Estimated reading time: 3 minutes. Photo by Irina Iriser from Pexels.
If you’ve been following my The Gender Politics of Smoking in South Korea series (Part 1, Part 2, Part 3, Newsflash, Part 4, Korea’s Hidden Smokers), you’ll know that there’s a huge stigma against women smoking here. This leads to chronic under-reporting by female smokers, which in turn leads to the government and media regularly giving female smoking rates as low as 2-4%. In reality though, best estimates put the rate among young women at roughly 20%, pointing to a looming health crisis.
Even if the coming presidential election brings more enlightened officials to the Ministry of Health and Welfare (보건복지부) however, which has previously overwhelmingly focused on—and been accused of exaggerating—reductions in the male smoking rate, there’ll still remain the problem of finding out how many young Korean women actually smoke.
Or will there? With my thanks, let me pass on a reader’s partial solution:
My coworker, the assistant haksaengbu (학생부) at my high school, made a list of students caught smoking. This is at a small-town girls high school, with 330 students age 15-18 in western years. So far this year (since 2 March) 14% of the students have been caught smoking, with 9.5% of the academic (moongwha; 문과) students caught and 25% of the vocational (sanggwha; 상과) students caught.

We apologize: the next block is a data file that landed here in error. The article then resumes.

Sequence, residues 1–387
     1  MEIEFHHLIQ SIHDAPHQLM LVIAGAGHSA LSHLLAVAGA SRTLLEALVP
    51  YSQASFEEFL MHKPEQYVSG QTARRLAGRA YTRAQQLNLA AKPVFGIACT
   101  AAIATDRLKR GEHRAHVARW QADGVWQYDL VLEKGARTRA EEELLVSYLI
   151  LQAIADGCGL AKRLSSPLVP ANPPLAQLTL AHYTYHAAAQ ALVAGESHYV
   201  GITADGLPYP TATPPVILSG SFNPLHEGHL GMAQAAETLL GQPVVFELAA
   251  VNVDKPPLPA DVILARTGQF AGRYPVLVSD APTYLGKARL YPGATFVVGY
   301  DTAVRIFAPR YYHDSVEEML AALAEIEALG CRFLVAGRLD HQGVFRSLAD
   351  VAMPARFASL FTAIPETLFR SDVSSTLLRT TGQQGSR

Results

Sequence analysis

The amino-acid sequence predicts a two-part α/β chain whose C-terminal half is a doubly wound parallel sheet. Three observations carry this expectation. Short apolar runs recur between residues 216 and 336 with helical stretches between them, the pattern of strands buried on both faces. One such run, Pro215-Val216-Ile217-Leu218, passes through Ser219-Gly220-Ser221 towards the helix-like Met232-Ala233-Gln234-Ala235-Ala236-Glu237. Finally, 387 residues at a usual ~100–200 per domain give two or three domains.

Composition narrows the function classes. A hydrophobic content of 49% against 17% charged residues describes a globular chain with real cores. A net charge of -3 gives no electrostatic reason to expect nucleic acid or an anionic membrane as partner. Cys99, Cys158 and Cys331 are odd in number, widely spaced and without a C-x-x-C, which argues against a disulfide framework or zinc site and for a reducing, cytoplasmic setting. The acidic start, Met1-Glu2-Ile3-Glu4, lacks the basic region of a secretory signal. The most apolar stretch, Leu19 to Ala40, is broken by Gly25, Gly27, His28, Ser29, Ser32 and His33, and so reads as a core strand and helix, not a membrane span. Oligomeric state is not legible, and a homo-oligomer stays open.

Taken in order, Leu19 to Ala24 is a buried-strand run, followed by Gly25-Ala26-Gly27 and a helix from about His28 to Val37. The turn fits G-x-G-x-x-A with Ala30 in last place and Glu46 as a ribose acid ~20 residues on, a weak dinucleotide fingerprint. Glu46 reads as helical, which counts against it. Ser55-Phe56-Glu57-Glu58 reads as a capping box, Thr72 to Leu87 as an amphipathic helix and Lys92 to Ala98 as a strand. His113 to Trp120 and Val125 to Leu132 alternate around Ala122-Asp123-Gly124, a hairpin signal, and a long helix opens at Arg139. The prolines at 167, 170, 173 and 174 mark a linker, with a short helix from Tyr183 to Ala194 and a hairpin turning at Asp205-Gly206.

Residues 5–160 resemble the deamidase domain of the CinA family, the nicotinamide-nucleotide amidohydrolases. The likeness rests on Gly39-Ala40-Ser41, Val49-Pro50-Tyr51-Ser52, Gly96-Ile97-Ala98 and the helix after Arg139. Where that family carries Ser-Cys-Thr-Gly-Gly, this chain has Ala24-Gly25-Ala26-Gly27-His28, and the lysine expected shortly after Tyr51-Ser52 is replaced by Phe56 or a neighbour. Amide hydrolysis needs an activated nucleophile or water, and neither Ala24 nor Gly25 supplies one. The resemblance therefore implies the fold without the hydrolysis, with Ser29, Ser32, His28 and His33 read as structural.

I would think that 14% would be the absolute minimum possible average in Korea, considering that we’re in a fairly conservative area and teachers can still punish students (though it’s pretty inconsistent and haphazard). Considering that those are only the ones who’ve been caught and there’s almost nothing in the way of lunchtime and after-school supervision, I’d guess that the amount who smoke on a daily basis is 50% higher and the ones who’ve tried it on occasion is double that.
In any event, if you wanted some incontrovertible statistics about teenage girls smoking in rural Korea based on a sample size in the hundreds there you go!
Later, they added:
If you’d like the breakdown it was 21 out of 226 moonghwa students and 26 out of 106 sangwha students. I believe a couple of the sangwha students have dropped out/gone awol/transferred.
What do you think? How does this compare to readers’ own schools?
If you reside in South Korea, you can donate via wire transfer: Turnbull James Edward (Kookmin Bank/국민은행, 563401-01-214324)